‘A whole ecosystem’
Shopping local Supports the local community
"Shopping local is just more important than ever,” Kate Tomkinson, owner of Trove, said considering the complications brought on by the coronavirus. “This season could be a make or break for a lot of businesses,” she continued.
This year, Small Business Saturday falls on Nov. 28. Founded by American Express in 2010 and cosponsored by the Small Business Administration (SBA) since 2011, the event is moving away from being focused on one, jam-packed shopping day in 2020. To account for the growing coronavirus cases nationwide, the pivot is to promoting local shopping through the holiday season. An American Express report from 2019 estimated that 95% of consumers who shopped small on Small Business Saturday wanted to do so consistently.
“What we’re doing, and what American Express is doing, is shopping small all season long, not just having one day to do it,” Caitlin Quisenberry, programming and events manager with the Big Sky Chamber of Commerce, said.
In a way, this pivot takes some stress off small businesses, Quisenberry said. Many are still navigating staying open during a pandemic, and not needing to come up with coronavirus safe Small Business Saturday plans may be a relief.
Tanya Johnson, owner of Sky Boutique, described herself as a planner and this year she has not been able to plan at the same level. “It’s hard to predict anything at this point,” she said.
As another way of supporting small businesses during the pandemic, the Chamber hosted a screening of a Grow with Google event focused on increasing small businesses’ online footprint. Even before the coronavirus, shopping online during the holiday season is a go-to for many. Giving small businesses the tools to develop their online platform is a safe way to support and grow local businesses.
Small businesses generate $68 of local economic return for every $100 spent; generate 70% more local economic activity per square foot than big box retail; and money spent at local business generates 3.5 times more wealth for the community than at a chain-owned store, according to the Chamber.
Those dollars spent locally filter back into the community in a variety of ways.
Quisenberry mentioned that Ace Hardware, while not local in the same sense as Choppers or the Hungry Moose, has change receptacles designated for the food bank and sponsors part of the golf tournament each year. Roxy’s consistently donates food for events ranging from Gallatin River cleanup days to the Friendsgiving feast.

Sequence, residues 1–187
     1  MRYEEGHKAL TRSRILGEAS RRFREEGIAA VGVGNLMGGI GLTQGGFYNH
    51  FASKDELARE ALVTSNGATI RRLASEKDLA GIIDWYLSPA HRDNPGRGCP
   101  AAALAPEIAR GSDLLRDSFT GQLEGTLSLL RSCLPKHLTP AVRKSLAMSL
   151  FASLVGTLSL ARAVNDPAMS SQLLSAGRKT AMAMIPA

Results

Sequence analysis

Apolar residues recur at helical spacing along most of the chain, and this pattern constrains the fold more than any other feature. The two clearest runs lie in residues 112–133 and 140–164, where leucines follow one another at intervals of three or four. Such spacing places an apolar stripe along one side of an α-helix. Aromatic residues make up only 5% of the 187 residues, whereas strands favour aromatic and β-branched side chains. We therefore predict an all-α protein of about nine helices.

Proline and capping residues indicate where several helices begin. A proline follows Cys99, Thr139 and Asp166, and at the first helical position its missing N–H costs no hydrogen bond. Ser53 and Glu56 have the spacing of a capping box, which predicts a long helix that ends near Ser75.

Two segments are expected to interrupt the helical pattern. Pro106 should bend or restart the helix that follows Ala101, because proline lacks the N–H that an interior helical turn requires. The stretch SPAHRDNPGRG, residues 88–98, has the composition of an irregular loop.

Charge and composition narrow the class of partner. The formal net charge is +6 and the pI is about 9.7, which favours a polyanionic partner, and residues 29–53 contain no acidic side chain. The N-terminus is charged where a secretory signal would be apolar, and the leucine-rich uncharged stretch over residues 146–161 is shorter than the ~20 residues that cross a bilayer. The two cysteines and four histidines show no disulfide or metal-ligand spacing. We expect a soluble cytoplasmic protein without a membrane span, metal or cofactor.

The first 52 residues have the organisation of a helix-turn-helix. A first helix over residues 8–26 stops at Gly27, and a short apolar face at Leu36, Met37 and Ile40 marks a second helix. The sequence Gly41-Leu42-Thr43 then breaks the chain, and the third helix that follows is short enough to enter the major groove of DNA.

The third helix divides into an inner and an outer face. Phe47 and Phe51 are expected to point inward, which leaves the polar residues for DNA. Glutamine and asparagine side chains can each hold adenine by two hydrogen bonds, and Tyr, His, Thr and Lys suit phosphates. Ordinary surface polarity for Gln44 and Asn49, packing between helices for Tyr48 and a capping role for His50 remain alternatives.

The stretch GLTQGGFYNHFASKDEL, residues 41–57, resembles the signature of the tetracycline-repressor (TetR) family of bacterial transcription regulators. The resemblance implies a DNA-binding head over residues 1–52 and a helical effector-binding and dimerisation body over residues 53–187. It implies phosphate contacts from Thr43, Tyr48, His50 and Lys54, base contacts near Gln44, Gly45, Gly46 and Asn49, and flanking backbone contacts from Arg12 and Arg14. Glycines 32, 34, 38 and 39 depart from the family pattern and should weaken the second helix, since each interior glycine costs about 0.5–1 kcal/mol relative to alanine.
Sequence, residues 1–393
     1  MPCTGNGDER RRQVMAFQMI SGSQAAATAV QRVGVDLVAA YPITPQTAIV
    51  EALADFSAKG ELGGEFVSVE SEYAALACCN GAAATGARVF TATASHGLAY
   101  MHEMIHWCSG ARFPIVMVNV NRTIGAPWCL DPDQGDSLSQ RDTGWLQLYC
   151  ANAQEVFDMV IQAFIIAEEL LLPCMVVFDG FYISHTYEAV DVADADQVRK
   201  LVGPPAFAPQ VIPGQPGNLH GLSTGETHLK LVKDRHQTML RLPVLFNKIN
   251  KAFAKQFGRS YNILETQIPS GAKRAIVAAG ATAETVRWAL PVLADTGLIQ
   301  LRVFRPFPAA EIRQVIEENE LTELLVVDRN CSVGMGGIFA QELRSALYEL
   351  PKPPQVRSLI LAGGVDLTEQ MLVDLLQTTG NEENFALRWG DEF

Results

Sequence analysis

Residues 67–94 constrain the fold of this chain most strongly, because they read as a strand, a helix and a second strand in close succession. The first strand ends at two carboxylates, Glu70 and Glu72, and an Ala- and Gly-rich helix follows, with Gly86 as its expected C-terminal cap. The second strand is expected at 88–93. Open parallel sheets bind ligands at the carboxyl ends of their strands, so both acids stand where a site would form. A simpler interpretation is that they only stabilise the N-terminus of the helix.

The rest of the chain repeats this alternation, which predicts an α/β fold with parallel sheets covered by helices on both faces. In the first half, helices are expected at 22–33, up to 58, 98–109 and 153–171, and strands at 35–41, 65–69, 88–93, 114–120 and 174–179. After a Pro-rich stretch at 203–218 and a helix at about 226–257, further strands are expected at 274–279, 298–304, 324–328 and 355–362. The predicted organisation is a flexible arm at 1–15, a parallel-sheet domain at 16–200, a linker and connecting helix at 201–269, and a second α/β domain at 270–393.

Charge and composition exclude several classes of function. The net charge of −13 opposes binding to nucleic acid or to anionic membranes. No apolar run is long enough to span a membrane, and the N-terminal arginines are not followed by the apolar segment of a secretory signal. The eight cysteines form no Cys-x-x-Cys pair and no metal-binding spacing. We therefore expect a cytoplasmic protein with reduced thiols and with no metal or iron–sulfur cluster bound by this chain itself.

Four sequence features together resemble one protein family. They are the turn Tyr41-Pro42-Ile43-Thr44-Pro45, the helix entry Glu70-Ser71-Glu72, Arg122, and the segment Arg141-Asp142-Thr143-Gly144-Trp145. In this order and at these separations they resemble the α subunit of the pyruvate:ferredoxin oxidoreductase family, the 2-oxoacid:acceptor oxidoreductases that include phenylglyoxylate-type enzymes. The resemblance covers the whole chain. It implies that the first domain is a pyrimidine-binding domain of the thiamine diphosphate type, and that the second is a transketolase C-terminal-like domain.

Purchasing from those businesses supports those local activities. “That money is coming back locally,” Quisenberry said.
Tomkinson and her husband help the Rotary Club wrap and deliver presents during the holiday season. She also mentioned that local businesses are often asked to support every charity event or fundraiser that comes around. “Without us, where are they going to turn?” she asked.
“People who own businesses where they live care so much more about how that town is moving forward,” Quisenberry said. They may have children in the school district, be on a board, spend their spare time volunteering for conservation efforts or wrapping Christmas gifts.
“We’re one big community and I feel like that’s true—by supporting small businesses we’re supporting other organizations and the school and everything,” Johnson, who has a third grader and a toddler, said.
“Thinking about the planet, too. If you’re shopping local, you’re not polluting driving up and down the canyon or having more and more trucks coming up and down the canyon delivering packages,” Tomkinson said.
Big Sky is unique in the fact that it has these small, locally owned businesses but also would not operate in the same way without major players like the Big Sky Resort, the Yellowstone Club or the real estate companies.
Quisenberry mentioned at a past Big Sky Chamber of Commerce Community Building Series that Matt Kidd, managing director of CrossHarbor Capital Partners LLC, said the company feels like they are building community all the time, and recognizes the importance of the local flavor added by small businesses.
“It’s a whole ecosystem,” Quisenberry said.